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Severe Headaches/Knots on Head/Left Side Numbness
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Severe Headaches/Knots on Head/Left Side Numbness

My husband is 40 yrs old and for the past month he has said that he has been having numbness on the left side of his body from his neck down his left arm. 3 wks ago a pea size hard, painless knot  came up on the right side of his head.  Last week it had grown to the size of a quarter & is raised about 1/4", & multiple pea size knots surrounding it has popped up.  I checked it again this Monday because he had an episode where he slumped forward in the recliner & was unable to speak for about 5 minutes.  The knot now has a "tail" to it growing toward the front of his head about 2" long & raised about 1/4" high still w/ multiple ones popping up around it. Knots are not painful but he is now having severe headaches.  W/ this episode, he finally responded to me & got up & splashed cool water on his face & said he was "fine".  I checked his heart rate, I would get 7 -8 strong heartbearts, then they would go very faint for 4-5 heartbeats & start right back to strong.  He was very pale.Then last night he woke @ 1 a.m. moaning very loudly & sit up on the side of the bed holding his head in severe pain for 45 minutes before he got out of bed & went to the recliner.  He constanstly complains of indigestion & acid reflux.  He won't tell me about alot of his episodes because he doesn't want me to worry, I only know if they happen at home or he slips up and tells me they happen at work.  I know there has to be something seriously wrong with him to have:
1. Severe Headaches 2.Growing Knots on his head 3 Numbness on left side of his body 4.Constant indigestion & acid reflux. 5.Heavy Nose Bleeds
Can anyone tell me what may be going on with him.  I have begged him to go to the Dr. but all I get is that he doesn't have time to take off work.  He has admitted the he thinks he is having TIA's.  We know he has high blood pressure and high chloleserol but has never been given medication since he was diagnosed with that when he had a Bell's Palsy Stroke when he was 28.  Please Help!!!!
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Thanks for using the forum. I am happy to address your questions, and my answer will be based on the information you provided here. Please make sure you recognize that this forum is for educational purposes only, and it does not substitute for a formal office visit with a doctor.

Without the ability to examine and obtain a history, I can not tell you what the exact cause of the symptoms is. However I will try to provide you with some useful information.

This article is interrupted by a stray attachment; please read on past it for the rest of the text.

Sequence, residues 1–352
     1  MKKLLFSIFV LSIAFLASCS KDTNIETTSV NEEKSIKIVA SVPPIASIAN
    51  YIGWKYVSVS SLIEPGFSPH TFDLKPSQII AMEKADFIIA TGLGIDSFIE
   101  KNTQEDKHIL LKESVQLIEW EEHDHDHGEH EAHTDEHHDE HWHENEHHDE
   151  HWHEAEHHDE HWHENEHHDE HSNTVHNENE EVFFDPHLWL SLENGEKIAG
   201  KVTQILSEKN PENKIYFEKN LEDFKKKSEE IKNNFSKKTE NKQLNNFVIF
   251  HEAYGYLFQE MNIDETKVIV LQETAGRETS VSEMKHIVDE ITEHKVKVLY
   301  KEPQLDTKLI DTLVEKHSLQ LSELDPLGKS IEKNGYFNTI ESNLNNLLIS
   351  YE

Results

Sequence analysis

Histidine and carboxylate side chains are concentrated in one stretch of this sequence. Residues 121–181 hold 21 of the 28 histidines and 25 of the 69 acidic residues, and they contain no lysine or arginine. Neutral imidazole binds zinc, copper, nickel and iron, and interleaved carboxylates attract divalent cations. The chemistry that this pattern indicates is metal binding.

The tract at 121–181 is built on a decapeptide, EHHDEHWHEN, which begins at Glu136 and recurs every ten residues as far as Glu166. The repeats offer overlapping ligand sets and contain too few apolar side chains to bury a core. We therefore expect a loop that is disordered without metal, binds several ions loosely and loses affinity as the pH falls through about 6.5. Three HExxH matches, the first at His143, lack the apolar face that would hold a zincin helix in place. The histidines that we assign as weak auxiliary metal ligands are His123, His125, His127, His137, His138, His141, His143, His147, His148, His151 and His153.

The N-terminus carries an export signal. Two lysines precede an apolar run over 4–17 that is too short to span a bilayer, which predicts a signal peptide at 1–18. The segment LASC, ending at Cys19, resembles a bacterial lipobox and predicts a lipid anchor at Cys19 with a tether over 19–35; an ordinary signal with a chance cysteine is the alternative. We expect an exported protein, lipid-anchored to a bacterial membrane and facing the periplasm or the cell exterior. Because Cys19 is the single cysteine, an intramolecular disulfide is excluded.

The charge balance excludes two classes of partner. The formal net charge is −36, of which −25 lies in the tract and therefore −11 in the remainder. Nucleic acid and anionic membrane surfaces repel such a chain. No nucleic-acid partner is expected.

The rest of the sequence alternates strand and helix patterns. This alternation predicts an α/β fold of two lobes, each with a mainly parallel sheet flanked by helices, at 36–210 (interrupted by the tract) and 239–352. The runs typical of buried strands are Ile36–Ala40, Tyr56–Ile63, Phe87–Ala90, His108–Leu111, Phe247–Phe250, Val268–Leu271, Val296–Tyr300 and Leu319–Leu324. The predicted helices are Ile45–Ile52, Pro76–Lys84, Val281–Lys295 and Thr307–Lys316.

Headaches can be a primary headache (such as a migraine) or secondary headache (such as from a structural lesion in the brain). One type of headache in the posterior part of the head is a cervicogenic headache. This headache is "referred" to the head from bony structures, muscles, and other soft tissue in the neck and shoulders. Symptoms are usually one-sided and include: precipitation of head pain by neck movement or awkward neck positions, head pain when external pressure is applied to the neck or occipital region, restricted range of motion of the neck, and neck, shoulder and arm pain. Treatment for cervicogenic headache includes physical therapy, medications.

Another type is occipital neuralgia. This headache is caused by irritation or injury to two nerves that run from the upper neck to the back of the head. The irritation could be due to neck trauma, pinching of the nerves (by muscles or arthritis), and other causes. Symptoms include a piercing sharp pain that travels from the upper neck to the back of the head and behind the ears. It is usually a one sided pain but can be on both sides of the head. Treatment includes physical therapy, medications, and in some cases injections, "nerve blocks", during which a physician injects the irritated nerves with an anesthetic.

A concerning cause of neck pain associated with headache is a dissection: a small tear in the blood vessels that travel up the neck to the brain. This can occur spontaneously in people with certain conditions that affect the blood vessels, after neck trauma, or after chiropractic manipulation of the neck. The pain is often but not always associated with some sort of neurologic deficit as a dissection can often lead to a stroke. A dissection is diagnosed with a specific type of MRI test (MRA with fat saturation) or an CT angiogram.

I also mentioned that structural lesions (such as a mass) can cause posterior headaches. This may be relevant given the “knot” that has occurred. Where exactly is the “knot” located? It may represent a lipoma (benign tumor) or lymph node enlargement. He will need to have this evaluated for possibilities. Both could cause headaches. Additionally, a herniated disc in the neck could cause his symptoms as well which would be evaluated with the neck MRI.

I agree your husband should be evaluated. He may need to have imaging of his head and neck (with an MRI) to determine if there is a structural cause for the headaches. Other diagnostic testing (such as a spinal tap) may or may not be necessary at the discretion of treating physician.  

Thank you for this opportunity to answer your questions, I hope you find the information I have provided useful, good luck.
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